FORT WALTON BEACH -- Last year state Rep. Matt Gaetz was able to neuter but not kill a state requirement that Florida service stations pump only gasoline containing ethanol.
His fellow lawmakers refused to take the 2008 Renewable Fuel Standard Act off the books, but they did agree to remove provisions through which merchants could be punished for ignoring it.
“Only in government do you get a compromise like I got,” Gaetz told the Okaloosa League of Women Voters recently. “We still have the mandate, but you don’t get in trouble for violating it.”
This year he and state Sen. Greg Evers of Baker have vowed to try again to do away with the ethanol mandate.
Gaetz, who has already filed House Bill 4001 to eliminate the ethanol mandate, said he learned Tuesday that Adam Putnam, commissioner of Florida’s Department of Agriculture and Consumer Services, was dropping his opposition to it.
“Last year Commissioner Putnam’s opposition was a major hurdle for us,” said Gaetz, R-Fort Walton Beach. Gaetz said Putnam decided to drop his opposition after learning that BP, which had considered building a major ethanol refining plant in Central Florida, was backing off the idea.
“They’ve decided ethanol production in Florida is not viable,” he said.
The Renewable Fuel Standard Act was passed in response to a federal decree that states begin moving toward using gasoline containing more ethanol.
What Gaetz has called “a feel-good attempt to use alternative energy” became state law, he told the League of Women Voters, at a time in Florida when “Gov. Crist was being politically romanced by Gov. Arnold Schwarzenegger in California.”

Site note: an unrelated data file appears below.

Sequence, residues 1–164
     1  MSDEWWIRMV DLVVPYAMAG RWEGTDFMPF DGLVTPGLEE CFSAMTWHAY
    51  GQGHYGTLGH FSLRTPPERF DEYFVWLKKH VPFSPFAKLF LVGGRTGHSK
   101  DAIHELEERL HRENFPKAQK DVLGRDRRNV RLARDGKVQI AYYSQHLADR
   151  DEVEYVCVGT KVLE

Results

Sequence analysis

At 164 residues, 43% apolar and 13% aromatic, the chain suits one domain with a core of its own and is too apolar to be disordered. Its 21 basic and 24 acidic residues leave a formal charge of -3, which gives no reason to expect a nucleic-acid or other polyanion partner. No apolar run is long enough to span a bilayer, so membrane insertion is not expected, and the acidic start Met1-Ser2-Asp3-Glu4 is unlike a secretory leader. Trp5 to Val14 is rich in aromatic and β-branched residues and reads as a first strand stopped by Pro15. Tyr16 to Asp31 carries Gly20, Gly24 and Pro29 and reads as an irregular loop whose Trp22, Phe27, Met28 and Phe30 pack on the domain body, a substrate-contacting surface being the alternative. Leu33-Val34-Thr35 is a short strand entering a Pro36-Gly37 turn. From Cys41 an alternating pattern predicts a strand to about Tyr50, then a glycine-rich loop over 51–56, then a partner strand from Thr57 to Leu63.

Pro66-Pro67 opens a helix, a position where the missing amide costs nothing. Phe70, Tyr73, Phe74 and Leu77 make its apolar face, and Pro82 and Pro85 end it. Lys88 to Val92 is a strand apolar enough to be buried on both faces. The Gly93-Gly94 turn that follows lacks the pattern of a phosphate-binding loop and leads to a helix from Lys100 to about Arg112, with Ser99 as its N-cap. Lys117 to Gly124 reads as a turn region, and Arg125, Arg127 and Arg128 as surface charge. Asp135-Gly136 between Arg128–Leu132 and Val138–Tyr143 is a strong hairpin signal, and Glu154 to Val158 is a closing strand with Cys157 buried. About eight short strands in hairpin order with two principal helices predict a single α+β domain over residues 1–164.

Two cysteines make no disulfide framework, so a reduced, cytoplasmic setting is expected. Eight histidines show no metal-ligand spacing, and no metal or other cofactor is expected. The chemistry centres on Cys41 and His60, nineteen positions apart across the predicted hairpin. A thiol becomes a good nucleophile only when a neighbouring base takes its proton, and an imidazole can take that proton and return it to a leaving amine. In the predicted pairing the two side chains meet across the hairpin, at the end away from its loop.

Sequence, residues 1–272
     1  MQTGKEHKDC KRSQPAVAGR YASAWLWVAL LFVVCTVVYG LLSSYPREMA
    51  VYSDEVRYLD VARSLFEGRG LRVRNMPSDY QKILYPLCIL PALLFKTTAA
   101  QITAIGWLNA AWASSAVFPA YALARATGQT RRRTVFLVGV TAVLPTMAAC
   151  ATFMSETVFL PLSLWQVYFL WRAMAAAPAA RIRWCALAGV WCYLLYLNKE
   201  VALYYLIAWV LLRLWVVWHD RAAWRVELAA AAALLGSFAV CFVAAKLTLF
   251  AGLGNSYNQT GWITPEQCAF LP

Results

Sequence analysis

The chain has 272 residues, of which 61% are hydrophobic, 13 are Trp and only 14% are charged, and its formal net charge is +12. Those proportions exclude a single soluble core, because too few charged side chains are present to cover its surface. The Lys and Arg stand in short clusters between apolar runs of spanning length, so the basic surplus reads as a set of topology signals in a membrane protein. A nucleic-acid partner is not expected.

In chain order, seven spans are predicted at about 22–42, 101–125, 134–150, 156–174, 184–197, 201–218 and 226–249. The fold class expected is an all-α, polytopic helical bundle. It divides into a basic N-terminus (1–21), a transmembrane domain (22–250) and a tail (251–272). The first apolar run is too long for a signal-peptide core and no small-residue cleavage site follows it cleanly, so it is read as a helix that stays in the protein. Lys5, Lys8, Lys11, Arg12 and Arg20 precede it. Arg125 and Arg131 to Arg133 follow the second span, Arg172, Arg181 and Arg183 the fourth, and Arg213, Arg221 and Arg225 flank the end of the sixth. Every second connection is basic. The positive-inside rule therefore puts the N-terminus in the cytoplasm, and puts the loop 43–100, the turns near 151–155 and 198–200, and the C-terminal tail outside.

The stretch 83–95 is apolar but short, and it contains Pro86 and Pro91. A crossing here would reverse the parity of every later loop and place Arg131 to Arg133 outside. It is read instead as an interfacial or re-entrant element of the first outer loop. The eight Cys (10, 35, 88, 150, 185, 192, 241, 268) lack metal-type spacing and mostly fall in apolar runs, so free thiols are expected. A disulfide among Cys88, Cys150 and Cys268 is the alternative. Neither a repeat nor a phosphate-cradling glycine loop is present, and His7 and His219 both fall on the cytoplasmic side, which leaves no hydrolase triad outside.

Ethanol is a product created by fermenting and distilling starch crops that is said to help lessen the amount of carbon dioxide released in the air as fossil fuels are consumed.
When the act was implemented in 2010, all the gasoline sold in Florida was required to contain between 9 and 10 percent ethanol.
A ruling by a Federal Court of Appeals this week opened the door to distribution of fuels with a 15 percent ethanol concentration, The Hill website reported Tuesday.
Christina Martin, executive vice president of the national Renewable Fuels Association, said, “Now is not the time for Florida to stick its head in the sand and deny its role as a potential leader in biofuels.”
“At this time, next generation ethanol companies are starting up like the one in Vero Beach, which is currently generating 400 direct and indirect jobs and will result in 60 full-time jobs,” Martin said in an email.
"The state is implementing a vision to improve infrastructure for moving ethanol product," Martin said.
“Florida should be proud. It should lead, not run from a future that is more energy independent and economically secure,” she said.
The Gaetz-Evers bill introduced last year added language making that there would be no penalty for distributors or retailers who provide gasoline without ethanol, Gaetz said.
He argued last year that ethanol had proven to be hard on some engines and reduced a vehicle’s miles-per-gallon performance, and that the energy required to produce ethanol negated any savings that might be realized.
He said he wants to finish last year’s work “to send the right message of freedom in every corner of the market.”
Gaetz also said eliminating the Renewable Fuel Standard Act will clear up any existing controversy for gasoline distributors and retailers.
“I think at a minimum they are confused,” he said.
Contact Daily News Staff Writer Tom McLaughlin at 850-315-4435 or firstname.lastname@example.org. Follow him on Twitter @TomMnwfdn.